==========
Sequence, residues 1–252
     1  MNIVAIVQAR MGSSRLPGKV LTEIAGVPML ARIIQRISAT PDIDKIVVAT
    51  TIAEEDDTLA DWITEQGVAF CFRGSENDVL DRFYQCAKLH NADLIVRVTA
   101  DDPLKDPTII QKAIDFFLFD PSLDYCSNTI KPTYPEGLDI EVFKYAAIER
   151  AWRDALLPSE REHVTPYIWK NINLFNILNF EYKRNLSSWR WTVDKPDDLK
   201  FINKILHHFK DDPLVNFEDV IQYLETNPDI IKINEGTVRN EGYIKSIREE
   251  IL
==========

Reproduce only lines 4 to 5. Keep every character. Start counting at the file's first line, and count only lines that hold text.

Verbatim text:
   101  DDPLKDPTII QKAIDFFLFD PSLDYCSNTI KPTYPEGLDI EVFKYAAIER
   151  AWRDALLPSE REHVTPYIWK NINLFNILNF EYKRNLSSWR WTVDKPDDLK